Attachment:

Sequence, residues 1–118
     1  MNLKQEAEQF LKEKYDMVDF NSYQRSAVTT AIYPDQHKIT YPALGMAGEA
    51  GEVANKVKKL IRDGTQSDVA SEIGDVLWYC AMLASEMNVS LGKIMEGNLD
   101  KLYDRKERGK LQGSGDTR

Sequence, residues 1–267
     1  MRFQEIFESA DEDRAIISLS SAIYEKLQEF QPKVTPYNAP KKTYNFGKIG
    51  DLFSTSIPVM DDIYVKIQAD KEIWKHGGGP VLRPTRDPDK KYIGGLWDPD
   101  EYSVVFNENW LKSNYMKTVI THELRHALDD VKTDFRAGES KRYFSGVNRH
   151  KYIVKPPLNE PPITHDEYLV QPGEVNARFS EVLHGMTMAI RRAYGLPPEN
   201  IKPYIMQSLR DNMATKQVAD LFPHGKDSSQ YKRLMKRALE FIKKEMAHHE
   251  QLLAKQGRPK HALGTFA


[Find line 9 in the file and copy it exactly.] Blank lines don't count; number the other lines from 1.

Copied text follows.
   151  KYIVKPPLNE PPITHDEYLV QPGEVNARFS EVLHGMTMAI RRAYGLPPEN